Thousands of people could see their plans for mince pies and merriment turn to misery if flu levels reach expected levels in late December and early January.
The call to action from Michael Marsh, NHS Medical Director is that flu can take its toll on anyone, but those aged over 65 or who have long-term conditions are particularly vulnerable to complications requiring hospital care.
NHS teams in GP surgeries, A&E departments and hospital wards are already seeing the number of people coming forward for treatment increase, with some schools also reporting suspected outbreaks.
Officials are confident that the free vaccinations supplied by the NHS this year are well-matched to the strain of flu circulating, so taking up the free jab – or nasal spray for children – offers the best possible chance of staying well this winter.
But concerns remain for those who are yet to protect themselves or their children, who can spread the virus from schools and nurseries to family members even if they don’t succumb to symptoms themselves.
Dr Michael Marsh, South West Medical Director for NHS England and NHS Improvement said:
“Nobody wants to be laid low by a nasty cold or flu while the festivities are in full swing.
“And we know that children are ‘super spreaders’ of flu, particularly around the holiday season when they’re more likely to see elderly relatives.
“That’s why the NHS pays for vaccinations for all these groups, and this year we’ve stocked up more doses than ever.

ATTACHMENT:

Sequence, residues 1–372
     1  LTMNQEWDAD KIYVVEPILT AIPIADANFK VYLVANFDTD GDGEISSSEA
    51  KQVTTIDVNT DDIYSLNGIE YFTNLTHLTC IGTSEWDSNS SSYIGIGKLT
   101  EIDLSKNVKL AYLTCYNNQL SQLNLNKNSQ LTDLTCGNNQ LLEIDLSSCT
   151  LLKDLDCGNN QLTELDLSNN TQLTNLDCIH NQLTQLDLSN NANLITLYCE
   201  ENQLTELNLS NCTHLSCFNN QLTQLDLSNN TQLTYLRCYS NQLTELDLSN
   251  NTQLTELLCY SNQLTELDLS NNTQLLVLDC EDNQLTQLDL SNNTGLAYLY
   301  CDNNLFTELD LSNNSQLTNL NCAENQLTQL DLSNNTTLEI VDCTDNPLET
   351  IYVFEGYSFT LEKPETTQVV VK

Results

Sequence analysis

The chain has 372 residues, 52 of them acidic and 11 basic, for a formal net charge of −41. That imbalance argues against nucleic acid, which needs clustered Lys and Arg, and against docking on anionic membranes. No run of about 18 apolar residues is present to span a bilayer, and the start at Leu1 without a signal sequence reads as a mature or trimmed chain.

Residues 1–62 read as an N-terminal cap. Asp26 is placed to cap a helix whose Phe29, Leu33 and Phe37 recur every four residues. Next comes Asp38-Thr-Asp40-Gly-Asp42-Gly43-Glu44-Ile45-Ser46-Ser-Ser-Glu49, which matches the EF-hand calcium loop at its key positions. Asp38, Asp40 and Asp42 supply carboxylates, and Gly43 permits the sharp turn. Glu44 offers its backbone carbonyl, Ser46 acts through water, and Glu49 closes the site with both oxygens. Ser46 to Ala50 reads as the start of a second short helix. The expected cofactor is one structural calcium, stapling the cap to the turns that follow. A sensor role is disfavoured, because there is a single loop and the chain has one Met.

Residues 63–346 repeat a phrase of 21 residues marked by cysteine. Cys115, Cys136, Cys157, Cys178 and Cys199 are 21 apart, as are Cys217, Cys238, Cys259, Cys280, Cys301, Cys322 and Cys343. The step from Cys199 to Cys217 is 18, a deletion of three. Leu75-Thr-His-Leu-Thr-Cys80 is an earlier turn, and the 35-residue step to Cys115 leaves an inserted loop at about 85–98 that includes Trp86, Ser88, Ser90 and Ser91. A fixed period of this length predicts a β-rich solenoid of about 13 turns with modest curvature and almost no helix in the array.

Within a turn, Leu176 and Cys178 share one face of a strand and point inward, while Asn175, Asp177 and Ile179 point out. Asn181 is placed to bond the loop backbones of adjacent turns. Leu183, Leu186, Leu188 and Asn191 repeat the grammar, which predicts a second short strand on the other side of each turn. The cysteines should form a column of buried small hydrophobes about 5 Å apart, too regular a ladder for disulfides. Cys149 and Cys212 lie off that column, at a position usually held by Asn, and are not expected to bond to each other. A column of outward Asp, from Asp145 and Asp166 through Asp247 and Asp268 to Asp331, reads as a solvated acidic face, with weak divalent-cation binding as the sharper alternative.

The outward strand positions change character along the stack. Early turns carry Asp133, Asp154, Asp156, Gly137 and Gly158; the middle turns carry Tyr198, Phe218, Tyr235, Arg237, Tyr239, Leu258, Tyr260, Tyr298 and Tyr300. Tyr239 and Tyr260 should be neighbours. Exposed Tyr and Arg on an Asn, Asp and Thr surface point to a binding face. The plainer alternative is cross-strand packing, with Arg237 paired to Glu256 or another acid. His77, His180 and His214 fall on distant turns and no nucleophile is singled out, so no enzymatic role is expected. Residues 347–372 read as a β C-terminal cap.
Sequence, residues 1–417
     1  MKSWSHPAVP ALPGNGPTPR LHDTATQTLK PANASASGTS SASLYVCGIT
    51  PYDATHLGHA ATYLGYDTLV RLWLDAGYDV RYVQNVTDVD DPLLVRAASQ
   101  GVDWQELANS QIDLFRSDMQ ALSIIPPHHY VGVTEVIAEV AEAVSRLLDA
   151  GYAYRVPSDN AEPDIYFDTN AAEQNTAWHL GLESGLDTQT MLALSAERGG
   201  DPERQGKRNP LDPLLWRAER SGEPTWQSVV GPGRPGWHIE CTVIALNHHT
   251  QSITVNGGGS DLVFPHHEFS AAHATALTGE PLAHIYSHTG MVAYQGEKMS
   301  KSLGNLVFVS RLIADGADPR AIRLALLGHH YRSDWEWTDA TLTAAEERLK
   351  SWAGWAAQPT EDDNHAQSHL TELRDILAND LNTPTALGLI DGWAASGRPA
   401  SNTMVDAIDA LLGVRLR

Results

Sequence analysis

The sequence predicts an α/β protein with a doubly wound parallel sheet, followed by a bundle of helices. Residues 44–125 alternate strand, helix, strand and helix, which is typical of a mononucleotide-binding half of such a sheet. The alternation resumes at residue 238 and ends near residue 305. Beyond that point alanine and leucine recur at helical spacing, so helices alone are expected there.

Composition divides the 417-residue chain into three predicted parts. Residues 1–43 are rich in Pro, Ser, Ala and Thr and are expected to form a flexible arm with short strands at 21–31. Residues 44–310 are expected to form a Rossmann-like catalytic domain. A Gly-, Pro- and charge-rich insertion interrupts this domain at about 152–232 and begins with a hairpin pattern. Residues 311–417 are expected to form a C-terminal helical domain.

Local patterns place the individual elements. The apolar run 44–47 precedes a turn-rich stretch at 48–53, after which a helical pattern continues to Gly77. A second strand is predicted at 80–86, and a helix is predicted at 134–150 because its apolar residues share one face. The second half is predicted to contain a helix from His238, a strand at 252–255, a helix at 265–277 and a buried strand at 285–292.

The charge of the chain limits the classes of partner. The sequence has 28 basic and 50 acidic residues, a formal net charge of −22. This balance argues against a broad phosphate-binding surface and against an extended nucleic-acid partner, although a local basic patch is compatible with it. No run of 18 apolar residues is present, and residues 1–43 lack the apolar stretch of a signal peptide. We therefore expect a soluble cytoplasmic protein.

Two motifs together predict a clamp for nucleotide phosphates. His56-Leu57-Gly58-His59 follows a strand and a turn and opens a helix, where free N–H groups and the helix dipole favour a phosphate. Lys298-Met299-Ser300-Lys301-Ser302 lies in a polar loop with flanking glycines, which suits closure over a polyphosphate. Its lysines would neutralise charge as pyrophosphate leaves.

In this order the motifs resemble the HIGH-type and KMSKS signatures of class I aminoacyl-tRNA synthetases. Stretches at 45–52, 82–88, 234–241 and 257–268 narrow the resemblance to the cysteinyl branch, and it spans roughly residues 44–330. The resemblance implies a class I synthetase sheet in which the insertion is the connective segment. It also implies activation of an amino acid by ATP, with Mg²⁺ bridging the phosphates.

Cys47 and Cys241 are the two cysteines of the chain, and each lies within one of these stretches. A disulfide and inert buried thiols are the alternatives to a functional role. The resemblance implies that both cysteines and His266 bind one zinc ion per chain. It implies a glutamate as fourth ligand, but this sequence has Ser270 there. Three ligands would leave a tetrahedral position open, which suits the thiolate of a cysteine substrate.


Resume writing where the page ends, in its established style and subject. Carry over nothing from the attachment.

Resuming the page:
“So our message is simple: don’t miss out on your free NHS flu jab this year and make it a Christmas to remember.”
The health service in England has prepared for its largest ever flu protection drive to help keep people well and ease pressure on urgent care services over the colder months.
Respiratory problems were the single most common cause of a trip to A&E for the over-65s in December 2018, closely followed by cardiac conditions, which can also follow a dose of flu.
NHS-commissioned school vaccination teams, maternity services, general practices and local pharmacies have all been working hard since the autumn to deliver vaccines to primary school-aged children, two and three-year olds, those with underlying health conditions, pregnant women and people aged 65 years and over.
Millions of doses of flu vaccines remain unused, however, so the public are being urged to speak to their local pharmacy or GP practice to arrange a vaccination for themselves or their children.